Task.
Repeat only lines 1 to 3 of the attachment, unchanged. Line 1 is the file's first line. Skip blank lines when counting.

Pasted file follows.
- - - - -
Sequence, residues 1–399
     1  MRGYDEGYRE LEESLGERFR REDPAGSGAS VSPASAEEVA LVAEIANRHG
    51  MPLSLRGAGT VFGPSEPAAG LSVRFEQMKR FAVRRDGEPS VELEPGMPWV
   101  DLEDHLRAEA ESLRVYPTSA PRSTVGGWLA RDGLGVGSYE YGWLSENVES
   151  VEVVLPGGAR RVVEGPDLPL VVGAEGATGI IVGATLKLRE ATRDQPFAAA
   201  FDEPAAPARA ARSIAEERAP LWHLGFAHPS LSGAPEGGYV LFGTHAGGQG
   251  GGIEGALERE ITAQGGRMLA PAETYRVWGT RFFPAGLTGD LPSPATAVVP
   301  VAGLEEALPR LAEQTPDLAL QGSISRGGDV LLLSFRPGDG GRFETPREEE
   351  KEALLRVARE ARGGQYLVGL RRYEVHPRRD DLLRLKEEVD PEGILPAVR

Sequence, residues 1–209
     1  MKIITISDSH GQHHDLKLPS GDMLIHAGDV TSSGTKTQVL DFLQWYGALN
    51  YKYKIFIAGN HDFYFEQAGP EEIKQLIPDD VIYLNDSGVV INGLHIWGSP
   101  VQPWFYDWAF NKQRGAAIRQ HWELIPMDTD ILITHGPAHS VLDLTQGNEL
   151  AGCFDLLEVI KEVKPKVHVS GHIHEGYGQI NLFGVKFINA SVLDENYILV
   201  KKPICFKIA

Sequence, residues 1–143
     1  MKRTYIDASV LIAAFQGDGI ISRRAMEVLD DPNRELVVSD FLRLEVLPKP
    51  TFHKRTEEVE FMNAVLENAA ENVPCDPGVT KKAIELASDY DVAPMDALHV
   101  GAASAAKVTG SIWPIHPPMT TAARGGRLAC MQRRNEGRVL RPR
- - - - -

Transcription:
Sequence, residues 1–399
     1  MRGYDEGYRE LEESLGERFR REDPAGSGAS VSPASAEEVA LVAEIANRHG
    51  MPLSLRGAGT VFGPSEPAAG LSVRFEQMKR FAVRRDGEPS VELEPGMPWV